Hey, when you've survived a polar vortex, you understand how necessary it is to have a bunch of good soup recipes on hand. There's nothing like homemade soup to warm the heart, fingers, and toes!
This recipe came about after a long thought process. Most minestrone soup that I've had is heavy on the tomatoes, which is great if you love tomatoes. But where are the rest of the flavors? So I went searching through my recipes and on the internet, and came up with a few recipes that I combined and tweaked heavily.
The result? A delicious, creamy, savory minestrone that I just might end up making once a week from now until spring.
This recipe is for the Instant Pot, but you could easily do it on top of the stove. Just remember to give it a few hours to simmer, and don't add the pasta until 15 minutes before you serve it.
Oh, and did I mention? This is a vegetarian recipe!
Minestrone Soup for the Instant Pot
(makes 4 large bowls of soup)
2 Tablespoons olive oil
1/3 cup finely sliced carrots
1/3 cup finely sliced celery
1/4 cup finely diced onion
1/4 cup finely diced zucchini
1 teaspoon garlic powder
2 cups vegetable broth
8 oz. tomato sauce
1 1/2 cups cooked great northern beans (or one 15 oz can)
1 1/2 cups cooked small red beans (or one 15 oz can)
1 teaspoon dried basil
1/2 teaspoon salt
1/2 teaspoon oregano
1 Tablespoon parsley
1 cup medium shell pasta
1/4 cup frozen (or fresh) chopped kale
1 can diced tomatoes
The hardest (i.e. most time consuming) part of this soup is prepping the veggies. But really, it only took about 5 minutes. Chop, chop, chop and you're done!
Set your Instant Pot to saute and add the olive oil. Let it heat up a little, then add the carrots, celery, onion, and zucchini. Cook, stirring frequently, for 3 - 5 minutes to soften the veggies. Add the garlic powder (or you can use fresh garlic) and stir for another 20 to 30 seconds.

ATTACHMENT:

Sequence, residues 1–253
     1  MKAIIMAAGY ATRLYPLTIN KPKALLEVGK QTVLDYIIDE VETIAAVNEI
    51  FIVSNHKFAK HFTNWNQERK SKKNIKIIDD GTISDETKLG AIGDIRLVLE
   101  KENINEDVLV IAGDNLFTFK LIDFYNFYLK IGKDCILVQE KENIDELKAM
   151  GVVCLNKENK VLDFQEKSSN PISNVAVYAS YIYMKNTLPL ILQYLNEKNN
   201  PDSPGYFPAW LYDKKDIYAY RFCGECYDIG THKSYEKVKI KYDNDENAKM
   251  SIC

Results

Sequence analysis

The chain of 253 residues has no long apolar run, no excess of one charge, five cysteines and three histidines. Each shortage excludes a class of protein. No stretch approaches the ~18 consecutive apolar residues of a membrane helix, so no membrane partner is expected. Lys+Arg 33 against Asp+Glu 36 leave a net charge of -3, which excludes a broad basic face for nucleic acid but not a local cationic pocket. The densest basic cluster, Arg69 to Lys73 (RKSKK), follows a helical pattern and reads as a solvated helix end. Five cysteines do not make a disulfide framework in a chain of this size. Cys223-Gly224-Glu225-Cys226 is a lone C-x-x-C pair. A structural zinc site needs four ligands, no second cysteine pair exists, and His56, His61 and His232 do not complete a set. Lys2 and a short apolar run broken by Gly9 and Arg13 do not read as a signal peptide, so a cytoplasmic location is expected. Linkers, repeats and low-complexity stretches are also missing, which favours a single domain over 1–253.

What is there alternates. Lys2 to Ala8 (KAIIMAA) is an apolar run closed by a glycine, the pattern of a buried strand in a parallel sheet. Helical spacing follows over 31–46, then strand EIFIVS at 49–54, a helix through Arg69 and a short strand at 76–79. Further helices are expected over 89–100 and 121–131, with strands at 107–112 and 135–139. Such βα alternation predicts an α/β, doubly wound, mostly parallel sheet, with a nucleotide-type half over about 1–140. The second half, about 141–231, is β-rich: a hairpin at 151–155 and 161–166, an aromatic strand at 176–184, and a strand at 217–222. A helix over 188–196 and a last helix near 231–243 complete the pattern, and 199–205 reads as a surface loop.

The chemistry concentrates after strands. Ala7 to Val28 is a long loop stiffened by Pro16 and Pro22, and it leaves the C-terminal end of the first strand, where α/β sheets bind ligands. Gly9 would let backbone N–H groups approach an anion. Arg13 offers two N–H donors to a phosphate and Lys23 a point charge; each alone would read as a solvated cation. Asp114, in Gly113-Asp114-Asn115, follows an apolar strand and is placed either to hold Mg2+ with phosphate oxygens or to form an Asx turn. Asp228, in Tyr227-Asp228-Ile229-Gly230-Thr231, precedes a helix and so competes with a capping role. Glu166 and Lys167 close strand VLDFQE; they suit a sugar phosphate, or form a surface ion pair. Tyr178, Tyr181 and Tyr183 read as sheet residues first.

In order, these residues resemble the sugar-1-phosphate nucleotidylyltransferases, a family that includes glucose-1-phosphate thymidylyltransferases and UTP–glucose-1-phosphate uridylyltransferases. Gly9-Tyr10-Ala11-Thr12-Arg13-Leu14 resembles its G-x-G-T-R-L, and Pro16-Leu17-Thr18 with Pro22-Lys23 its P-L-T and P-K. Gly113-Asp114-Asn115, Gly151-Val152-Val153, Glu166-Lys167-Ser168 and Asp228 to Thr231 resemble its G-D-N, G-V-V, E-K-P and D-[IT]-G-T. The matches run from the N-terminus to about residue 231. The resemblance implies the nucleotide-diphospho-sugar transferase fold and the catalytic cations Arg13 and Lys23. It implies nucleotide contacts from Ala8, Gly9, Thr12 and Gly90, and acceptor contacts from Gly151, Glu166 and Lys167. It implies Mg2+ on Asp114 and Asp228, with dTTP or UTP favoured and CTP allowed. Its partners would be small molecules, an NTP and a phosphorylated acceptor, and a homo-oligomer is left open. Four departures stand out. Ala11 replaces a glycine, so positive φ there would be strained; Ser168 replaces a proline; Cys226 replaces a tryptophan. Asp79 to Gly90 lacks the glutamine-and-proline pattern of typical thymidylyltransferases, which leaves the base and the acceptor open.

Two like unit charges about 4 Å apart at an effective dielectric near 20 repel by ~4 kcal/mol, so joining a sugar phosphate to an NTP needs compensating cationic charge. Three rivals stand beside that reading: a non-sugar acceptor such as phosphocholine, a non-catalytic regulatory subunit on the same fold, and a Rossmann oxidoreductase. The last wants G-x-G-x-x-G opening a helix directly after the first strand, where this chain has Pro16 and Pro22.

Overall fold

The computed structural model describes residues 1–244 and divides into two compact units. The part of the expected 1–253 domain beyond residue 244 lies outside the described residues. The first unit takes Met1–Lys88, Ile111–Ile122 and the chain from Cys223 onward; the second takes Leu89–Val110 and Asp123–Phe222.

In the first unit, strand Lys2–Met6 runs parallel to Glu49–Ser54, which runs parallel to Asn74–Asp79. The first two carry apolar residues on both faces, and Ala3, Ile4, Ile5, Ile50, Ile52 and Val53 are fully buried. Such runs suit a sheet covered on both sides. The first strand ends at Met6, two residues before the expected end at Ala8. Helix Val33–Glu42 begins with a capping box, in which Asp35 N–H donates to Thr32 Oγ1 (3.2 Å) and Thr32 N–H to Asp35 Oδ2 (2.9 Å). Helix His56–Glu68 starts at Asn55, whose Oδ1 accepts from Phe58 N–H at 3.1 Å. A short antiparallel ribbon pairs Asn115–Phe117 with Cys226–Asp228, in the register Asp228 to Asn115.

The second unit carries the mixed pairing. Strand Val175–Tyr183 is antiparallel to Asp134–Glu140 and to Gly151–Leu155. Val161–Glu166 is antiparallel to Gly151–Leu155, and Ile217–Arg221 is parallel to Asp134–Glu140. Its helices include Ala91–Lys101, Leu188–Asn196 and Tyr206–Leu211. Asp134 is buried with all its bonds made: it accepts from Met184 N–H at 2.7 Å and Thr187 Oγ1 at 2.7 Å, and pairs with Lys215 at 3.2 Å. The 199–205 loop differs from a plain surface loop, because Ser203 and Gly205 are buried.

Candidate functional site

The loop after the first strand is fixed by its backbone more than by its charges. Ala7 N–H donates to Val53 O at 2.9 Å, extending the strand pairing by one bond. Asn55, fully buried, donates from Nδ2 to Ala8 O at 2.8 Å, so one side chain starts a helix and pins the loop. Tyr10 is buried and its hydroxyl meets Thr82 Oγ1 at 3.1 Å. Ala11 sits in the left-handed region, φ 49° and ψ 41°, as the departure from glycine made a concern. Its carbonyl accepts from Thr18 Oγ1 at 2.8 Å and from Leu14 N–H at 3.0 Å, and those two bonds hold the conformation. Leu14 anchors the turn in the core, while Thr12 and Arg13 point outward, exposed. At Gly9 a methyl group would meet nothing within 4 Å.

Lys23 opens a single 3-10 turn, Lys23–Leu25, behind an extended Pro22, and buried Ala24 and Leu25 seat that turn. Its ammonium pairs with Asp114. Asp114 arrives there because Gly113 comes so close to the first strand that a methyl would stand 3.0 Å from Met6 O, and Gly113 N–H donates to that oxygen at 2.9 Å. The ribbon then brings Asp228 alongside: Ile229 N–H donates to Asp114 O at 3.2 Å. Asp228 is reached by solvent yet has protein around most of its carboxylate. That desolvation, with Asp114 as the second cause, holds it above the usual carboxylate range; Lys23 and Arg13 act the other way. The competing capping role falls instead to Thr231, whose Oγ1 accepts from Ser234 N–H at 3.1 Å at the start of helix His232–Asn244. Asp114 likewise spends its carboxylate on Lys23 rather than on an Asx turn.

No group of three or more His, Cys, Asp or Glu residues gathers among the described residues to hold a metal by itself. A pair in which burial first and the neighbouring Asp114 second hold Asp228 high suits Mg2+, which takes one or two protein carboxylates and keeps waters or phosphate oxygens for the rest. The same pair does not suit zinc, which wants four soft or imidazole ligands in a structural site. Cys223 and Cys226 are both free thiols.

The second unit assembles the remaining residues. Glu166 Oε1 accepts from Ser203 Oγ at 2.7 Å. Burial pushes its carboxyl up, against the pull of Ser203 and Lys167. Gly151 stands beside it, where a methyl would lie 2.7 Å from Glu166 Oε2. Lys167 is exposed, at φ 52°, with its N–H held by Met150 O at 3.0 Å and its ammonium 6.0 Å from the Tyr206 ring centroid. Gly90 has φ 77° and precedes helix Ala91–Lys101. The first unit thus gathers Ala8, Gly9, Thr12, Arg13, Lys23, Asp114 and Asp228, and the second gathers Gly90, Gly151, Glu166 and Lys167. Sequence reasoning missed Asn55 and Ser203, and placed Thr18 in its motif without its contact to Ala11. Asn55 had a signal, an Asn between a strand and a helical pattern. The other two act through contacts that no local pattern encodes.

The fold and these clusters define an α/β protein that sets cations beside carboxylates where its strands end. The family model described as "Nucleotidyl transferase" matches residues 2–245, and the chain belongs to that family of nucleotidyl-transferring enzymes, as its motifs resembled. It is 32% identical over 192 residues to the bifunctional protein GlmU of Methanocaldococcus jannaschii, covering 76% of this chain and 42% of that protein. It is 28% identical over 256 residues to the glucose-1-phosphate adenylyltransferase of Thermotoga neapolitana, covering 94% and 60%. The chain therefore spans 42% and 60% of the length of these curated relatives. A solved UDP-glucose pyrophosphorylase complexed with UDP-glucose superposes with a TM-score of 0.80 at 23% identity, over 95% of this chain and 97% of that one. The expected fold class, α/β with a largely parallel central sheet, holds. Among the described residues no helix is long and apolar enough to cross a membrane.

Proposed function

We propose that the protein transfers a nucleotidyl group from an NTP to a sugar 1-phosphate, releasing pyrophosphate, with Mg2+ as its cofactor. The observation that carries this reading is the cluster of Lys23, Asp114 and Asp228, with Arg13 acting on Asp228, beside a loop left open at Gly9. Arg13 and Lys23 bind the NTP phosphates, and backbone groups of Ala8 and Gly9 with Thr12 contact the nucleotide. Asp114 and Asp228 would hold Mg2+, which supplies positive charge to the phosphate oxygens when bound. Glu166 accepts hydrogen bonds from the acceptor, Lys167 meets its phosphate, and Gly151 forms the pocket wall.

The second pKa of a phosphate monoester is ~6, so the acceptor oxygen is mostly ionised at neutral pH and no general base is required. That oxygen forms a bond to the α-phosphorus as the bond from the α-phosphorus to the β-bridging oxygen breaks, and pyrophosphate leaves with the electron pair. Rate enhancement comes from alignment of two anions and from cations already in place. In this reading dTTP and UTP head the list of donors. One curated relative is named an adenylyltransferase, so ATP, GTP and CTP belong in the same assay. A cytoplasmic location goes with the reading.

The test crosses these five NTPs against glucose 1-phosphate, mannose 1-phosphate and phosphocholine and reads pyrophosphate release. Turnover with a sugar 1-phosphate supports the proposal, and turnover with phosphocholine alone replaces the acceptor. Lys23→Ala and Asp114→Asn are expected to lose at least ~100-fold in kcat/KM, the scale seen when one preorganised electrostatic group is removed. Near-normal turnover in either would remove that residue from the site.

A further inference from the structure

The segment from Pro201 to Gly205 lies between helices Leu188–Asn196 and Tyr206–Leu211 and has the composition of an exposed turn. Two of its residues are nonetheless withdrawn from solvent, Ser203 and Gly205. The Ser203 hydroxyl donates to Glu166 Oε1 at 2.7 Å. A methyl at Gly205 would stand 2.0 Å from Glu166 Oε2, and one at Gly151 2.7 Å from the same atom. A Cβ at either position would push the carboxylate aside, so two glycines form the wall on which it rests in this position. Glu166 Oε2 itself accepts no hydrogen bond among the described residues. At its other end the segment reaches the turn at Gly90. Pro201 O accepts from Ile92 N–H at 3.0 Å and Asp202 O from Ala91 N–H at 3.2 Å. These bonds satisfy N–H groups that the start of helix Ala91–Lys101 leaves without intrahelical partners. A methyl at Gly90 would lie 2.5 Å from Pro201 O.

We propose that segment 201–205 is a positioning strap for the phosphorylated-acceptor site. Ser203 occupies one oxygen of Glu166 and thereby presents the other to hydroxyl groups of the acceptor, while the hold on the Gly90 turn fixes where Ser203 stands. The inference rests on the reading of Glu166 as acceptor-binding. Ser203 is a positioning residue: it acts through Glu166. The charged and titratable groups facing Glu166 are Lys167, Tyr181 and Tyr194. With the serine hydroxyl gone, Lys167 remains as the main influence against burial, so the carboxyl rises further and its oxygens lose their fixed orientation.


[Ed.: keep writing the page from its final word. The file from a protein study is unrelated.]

Add the remaining ingredients and stir.
Cover the pot and seal. Pressure cook for 6 minutes (you can use your "soup" setting)(and don't forget to allow about 10 minutes for the pot to come up to pressure), then use natural pressure release for about 10 minutes. Release the remaining pressure and stir the soup.
It's ready to eat!
You can serve it with Parmesan cheese and crusty bread. Yum!
Like I said, I was trying for a less tomato-ey flavor to this soup, and the 8 oz of tomato sauce I added was perfect for us. If you like more tomatoes, go ahead and add the optional can of diced tomatoes.
The kale was something I thought of after the soup was already done. I'm going to add that next time.
In other news, we had a couple days of respite from winter after the polar vortex moved east. Our temperatures reached 60 degrees on Saturday, so we headed to the Hills. We took advantage of the non-snow-covered roads to head into the wilderness.
And yes, that sign does say "not maintained in winter!"
This road is the back way into Wind Cave National Park, a fabulous place to go, whether you head for the underground (the CAVE!!!), or explore the beautiful prairies and hills of the above ground part of the park.
This southern end of the park is Buffalo Gap, a gap in the Hills that has been the route into the Black Hills for thousands of years. Filled with history. And on this February Saturday, a place of refreshing beauty.
Wind Cave National Park shares its northern border with Custer State Park, a place I've shared with you many times.
As we drove through the park, we saw that the Black Hills car wash was out in full force on this beautiful day, so we took advantage of the service. :-)
The respite from winter weather is over already, though. Another snow storm came through on Sunday, with snow and cold temperatures.
It must be time for another pot of soup! And maybe some homemade bread to go with it. Yum!
Jan Drexler lives in the Black Hills of South Dakota with her husband and growing family. When she isn't writing, she loves hiking in the Hills or satisfying her cross stitch addiction.
You can find Jan on Facebook, Jan Drexler, author, or her website, Jan Drexler.com.